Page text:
One of the few good things to come from this COVID-19 pandemic is that many people are developing their technology skills very quickly. This may be for work (like meetings), entertainment (like finding music or movies), family and friends (like video chat), or further growth, like language learning!
You may have been learning or interested in learning from in person private lessons or classes, but feel now like you won’t get as much from the online experience. I hope you reconsider, because this is actually a great time to improve your language skills with some new methods and modes that will exercise new parts of your language brain. Here are some reasons to try online lessons.
If you’re working with a tutor through video chat, you can work on the language of everyday activities more clearly. If you walk into your kitchen (like in the picture below, see bottom for answers) or open your toolbox, I bet you will find a lot of objects that you don’t know the name for in your new language! On top of that, there are a host of different verbs for actions for those tools, so talking through those on video chat can be a great exercise.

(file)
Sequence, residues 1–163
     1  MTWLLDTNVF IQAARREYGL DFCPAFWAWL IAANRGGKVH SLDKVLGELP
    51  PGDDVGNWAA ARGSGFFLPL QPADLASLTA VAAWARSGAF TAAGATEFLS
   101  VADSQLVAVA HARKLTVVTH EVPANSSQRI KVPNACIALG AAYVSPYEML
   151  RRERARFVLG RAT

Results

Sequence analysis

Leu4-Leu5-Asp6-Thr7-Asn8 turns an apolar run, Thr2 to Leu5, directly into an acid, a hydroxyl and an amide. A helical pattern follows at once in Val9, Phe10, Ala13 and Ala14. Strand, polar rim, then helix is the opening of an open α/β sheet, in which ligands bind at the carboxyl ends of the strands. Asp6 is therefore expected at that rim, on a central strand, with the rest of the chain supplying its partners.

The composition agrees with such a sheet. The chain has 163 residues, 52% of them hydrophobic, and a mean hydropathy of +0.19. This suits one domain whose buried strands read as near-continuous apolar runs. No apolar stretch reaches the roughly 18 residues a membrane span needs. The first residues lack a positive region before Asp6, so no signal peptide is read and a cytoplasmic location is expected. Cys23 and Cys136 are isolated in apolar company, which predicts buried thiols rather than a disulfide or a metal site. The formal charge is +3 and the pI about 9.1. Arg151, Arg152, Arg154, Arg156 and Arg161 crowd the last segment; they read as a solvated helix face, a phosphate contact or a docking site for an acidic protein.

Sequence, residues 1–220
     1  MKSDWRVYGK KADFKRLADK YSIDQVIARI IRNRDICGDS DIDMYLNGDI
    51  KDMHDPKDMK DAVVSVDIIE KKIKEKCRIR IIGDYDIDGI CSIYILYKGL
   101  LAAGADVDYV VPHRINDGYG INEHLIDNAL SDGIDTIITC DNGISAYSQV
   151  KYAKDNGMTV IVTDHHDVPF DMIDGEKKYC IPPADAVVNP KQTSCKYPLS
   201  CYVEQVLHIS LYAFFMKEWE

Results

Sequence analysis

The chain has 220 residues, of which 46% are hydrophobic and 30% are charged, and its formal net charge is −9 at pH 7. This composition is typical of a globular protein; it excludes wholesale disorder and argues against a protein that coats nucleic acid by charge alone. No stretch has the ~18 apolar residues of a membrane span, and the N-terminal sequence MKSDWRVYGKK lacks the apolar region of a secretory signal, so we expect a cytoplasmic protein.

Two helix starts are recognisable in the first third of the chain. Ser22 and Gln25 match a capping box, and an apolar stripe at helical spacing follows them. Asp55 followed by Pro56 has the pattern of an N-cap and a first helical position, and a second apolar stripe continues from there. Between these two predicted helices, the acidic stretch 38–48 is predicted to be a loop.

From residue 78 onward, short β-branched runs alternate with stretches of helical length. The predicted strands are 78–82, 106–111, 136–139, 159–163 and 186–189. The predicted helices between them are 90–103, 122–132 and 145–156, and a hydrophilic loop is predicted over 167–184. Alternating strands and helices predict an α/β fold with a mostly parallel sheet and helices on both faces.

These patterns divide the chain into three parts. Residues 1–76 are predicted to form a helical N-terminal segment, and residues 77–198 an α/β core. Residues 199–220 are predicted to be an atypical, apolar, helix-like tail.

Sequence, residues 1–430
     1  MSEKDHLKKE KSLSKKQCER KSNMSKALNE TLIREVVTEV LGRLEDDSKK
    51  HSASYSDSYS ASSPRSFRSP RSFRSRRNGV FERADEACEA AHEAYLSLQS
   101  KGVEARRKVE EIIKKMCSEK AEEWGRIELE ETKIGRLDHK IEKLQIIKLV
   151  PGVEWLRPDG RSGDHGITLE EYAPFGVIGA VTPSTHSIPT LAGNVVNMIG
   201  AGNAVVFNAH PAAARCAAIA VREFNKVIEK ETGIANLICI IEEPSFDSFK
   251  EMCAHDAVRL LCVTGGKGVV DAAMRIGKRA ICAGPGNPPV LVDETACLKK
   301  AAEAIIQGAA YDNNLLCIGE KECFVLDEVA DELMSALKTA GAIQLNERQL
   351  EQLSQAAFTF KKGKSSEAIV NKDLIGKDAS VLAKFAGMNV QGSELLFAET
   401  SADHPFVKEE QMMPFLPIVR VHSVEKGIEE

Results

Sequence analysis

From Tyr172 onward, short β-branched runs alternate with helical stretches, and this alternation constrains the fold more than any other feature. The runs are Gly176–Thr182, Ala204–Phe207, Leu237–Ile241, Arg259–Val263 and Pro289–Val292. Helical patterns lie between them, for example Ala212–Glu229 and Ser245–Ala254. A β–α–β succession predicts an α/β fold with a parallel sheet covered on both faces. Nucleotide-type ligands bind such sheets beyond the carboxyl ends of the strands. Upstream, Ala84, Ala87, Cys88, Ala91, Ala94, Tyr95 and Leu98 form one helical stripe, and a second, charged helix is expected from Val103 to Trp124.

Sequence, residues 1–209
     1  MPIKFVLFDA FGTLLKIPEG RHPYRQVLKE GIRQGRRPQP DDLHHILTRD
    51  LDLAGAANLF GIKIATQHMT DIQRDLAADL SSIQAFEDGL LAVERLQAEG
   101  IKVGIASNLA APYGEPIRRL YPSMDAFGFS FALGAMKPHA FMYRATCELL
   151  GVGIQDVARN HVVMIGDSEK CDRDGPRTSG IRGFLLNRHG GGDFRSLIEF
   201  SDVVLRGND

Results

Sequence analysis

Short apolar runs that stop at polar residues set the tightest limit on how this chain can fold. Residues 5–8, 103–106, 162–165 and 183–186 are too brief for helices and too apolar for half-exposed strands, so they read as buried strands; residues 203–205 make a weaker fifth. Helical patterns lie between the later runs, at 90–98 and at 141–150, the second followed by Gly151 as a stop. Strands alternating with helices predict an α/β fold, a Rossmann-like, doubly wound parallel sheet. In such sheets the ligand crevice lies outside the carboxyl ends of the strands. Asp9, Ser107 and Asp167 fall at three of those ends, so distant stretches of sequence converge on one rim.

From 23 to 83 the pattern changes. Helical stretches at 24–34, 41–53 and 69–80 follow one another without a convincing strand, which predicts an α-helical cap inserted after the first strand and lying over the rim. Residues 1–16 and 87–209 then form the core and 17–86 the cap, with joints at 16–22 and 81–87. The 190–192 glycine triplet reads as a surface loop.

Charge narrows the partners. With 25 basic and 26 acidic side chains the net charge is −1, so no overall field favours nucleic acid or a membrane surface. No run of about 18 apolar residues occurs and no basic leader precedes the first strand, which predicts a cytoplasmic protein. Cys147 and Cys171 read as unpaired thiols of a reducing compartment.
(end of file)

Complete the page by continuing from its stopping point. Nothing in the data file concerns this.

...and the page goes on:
Another great activity is to work on your more casual usage in your new language. Maybe you know how to write a formal email for work or an essay for school, but do you know how to write a more natural, casual email or text messages? Do you know the idioms and jokes native speakers use in these situations? You can get some of these from reading or watching real entertainment in the language, but working online with your tutor can help you learn some of these and work them into your everyday writing. For example, do know what these mean or know their equivalents in the language you’re learning?
- When all is said and done
- Let’s catch up
- I’m dying here
The main reason to keep up your language learning is that you’ve already spent months or years working on it, and if you take a break for these couple months, you might lose a lot of what you’ve worked so hard on. I know that you probably prefer the face-to-face interaction, but technology has made it so that you can basically get a face-to-face experience through Skype, Zoom, Google, or other platforms. Also, your schedule as well as your tutor’s schedule is likely to be more flexible (or at least more weird!) so that you can take lessons or study at times that are more convenient for you.
I hope these are some helpful views on how best to keep up your language learning during this stay-at-home order. Stay safe and healthy and don’t stop learning, exploring and connecting!
Answers: 1) sticky rice spoon 2) falafel press 3) chestnut piercer 4) soda bottle gasser 5) ice pick 6) courgette corer 7) tablecloth crumb collector 8) citrus wedge squeezer 9) citrus thick zester 10) crinkle cut vegetable blade 11) crab meat pick 12) egg wedge segmenter 13) walnut pick 14) garlic crusher cleaner 15) olive spoon 16) cheese slicer 17) cherry pitter Photo and answers from http://carynascakes.blogspot.com/2011/12/obscure-kitchen-utensil-quiz.html